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An extended study on the alu insertion polymorphism in Anatolian human population

Şekeryapan, Ceran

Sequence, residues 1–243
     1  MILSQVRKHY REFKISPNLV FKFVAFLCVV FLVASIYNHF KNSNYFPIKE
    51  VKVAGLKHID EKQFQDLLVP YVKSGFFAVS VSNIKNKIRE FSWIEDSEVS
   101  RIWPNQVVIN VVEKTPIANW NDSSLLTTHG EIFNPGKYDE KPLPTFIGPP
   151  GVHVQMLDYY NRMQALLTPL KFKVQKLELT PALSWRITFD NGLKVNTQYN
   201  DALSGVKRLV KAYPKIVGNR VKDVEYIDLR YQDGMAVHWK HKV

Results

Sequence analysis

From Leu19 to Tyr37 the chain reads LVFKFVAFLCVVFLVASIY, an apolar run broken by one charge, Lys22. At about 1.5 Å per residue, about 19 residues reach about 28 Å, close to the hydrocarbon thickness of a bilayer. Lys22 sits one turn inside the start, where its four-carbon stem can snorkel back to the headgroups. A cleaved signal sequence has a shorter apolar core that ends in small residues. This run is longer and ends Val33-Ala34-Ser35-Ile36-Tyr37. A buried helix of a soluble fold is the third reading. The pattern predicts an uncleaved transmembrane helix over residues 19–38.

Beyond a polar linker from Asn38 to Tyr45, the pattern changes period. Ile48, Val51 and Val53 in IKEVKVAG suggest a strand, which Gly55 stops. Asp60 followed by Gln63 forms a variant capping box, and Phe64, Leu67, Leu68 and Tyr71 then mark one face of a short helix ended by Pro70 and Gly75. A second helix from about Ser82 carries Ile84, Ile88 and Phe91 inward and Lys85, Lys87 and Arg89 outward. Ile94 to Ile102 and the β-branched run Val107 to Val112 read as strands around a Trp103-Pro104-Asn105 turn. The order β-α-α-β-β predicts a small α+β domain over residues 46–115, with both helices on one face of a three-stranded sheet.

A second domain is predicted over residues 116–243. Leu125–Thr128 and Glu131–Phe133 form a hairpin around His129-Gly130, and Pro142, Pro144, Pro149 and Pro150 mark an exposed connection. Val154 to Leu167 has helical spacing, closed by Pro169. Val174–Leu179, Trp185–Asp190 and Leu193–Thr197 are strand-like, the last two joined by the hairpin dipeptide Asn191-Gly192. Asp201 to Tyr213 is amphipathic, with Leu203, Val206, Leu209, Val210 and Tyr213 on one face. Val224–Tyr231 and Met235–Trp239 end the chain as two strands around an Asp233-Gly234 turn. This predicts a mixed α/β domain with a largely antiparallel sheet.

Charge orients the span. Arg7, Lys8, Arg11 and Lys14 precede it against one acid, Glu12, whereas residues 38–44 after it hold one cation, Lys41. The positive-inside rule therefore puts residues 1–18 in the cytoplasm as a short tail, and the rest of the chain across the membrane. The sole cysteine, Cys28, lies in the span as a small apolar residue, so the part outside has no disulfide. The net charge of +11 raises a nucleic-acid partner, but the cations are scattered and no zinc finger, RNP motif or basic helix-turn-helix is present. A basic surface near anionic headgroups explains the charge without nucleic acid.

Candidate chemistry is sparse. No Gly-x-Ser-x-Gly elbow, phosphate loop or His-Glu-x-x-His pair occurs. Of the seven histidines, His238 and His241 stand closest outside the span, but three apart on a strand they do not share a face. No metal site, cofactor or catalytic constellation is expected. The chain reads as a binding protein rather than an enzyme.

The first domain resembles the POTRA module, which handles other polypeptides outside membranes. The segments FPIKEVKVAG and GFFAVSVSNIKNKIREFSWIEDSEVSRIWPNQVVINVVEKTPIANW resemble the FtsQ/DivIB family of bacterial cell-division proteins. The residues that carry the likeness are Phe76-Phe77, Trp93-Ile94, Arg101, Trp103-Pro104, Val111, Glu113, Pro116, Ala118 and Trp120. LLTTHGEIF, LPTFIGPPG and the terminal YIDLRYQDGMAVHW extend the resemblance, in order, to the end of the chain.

In the present study, for estimating the Central Asia contribution to the Anatolia, nine Alu insertion polymorphisms (ACE, PV92, FXIIIB, APO, A25, B65, TPA25, D1, HS4.32 ) in 100 individuals from Anatolia were examined. Alu insertion frequency for these loci were calculated as 0,410; 0,220; 0,579; 0,963; 0,067; 0,667; 0,390; 0,427; and 0,637 respectively and they were found to be in Hardy-Weinberg equilibrium (p<0,05). Observed insertion frequencies of each loci were compared with those of the previous observations (Dinç, 2003; Comas et al., 2004) and it was found that the present study results were not different than those obtained by Comas et al. (2004). Thus, these two data were pooled (N = 143) and used to examine genetic relationships between populations from Eurasia and Africa. Pairwise Fst statistics indicated that there is higher genetic similarity between Anatolia and all of the Balkans and some of the Caucasian populations. Neighbor Joining (NJ) tree based on Reynold̕s genetic distances and Principal Component Analysis (PCA) both grouped the Anatolian populations with Balkans and some of the Caucasian populations and show clear differentiation of Asian populations from the Anatolian population. The relative genetic contribution of Central Asian genes to the current Anatolian gene pool was quantified using Admix analysis, considering for comparison populations of Balkans (Greek, Romania, Albania and Hungarian) and Central Asia (Uighur, Uzbeks, Tajicks, Kazaks, Kyrgyzes, Dungans). Estimates suggest roughly 28 % contribution from Asia to Anatolia in concordance with the previous estimation (Benedetto et al., 2001).